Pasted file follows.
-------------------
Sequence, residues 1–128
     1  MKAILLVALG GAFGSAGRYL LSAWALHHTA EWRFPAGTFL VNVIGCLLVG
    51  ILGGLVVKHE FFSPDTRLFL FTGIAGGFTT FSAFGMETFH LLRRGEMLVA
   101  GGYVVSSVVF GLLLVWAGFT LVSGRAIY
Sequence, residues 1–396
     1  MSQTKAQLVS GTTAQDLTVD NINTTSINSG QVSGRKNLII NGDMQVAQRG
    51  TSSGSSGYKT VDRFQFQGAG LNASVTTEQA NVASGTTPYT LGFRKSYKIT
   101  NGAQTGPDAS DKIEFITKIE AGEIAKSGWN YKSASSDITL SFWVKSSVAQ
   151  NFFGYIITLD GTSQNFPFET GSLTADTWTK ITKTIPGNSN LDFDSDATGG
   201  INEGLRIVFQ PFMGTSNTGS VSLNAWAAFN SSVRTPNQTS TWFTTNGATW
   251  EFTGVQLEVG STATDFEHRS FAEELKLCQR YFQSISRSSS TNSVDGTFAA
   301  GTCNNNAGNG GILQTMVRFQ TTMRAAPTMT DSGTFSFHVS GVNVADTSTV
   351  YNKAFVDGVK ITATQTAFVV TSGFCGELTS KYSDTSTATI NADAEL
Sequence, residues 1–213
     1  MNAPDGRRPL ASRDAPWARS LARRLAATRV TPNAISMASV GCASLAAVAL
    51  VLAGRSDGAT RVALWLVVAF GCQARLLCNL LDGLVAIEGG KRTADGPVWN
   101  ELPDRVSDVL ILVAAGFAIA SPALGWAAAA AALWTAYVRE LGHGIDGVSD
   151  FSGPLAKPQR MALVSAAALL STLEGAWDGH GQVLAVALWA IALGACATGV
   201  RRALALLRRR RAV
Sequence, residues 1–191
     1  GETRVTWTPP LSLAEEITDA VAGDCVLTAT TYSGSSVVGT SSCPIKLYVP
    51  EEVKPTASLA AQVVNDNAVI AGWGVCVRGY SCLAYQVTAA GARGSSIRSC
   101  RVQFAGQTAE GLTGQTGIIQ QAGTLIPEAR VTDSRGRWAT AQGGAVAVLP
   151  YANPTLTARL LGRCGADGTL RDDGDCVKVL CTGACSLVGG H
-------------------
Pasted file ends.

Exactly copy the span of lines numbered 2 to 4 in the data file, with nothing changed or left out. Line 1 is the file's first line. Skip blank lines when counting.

     1  MKAILLVALG GAFGSAGRYL LSAWALHHTA EWRFPAGTFL VNVIGCLLVG
    51  ILGGLVVKHE FFSPDTRLFL FTGIAGGFTT FSAFGMETFH LLRRGEMLVA
   101  GGYVVSSVVF GLLLVWAGFT LVSGRAIY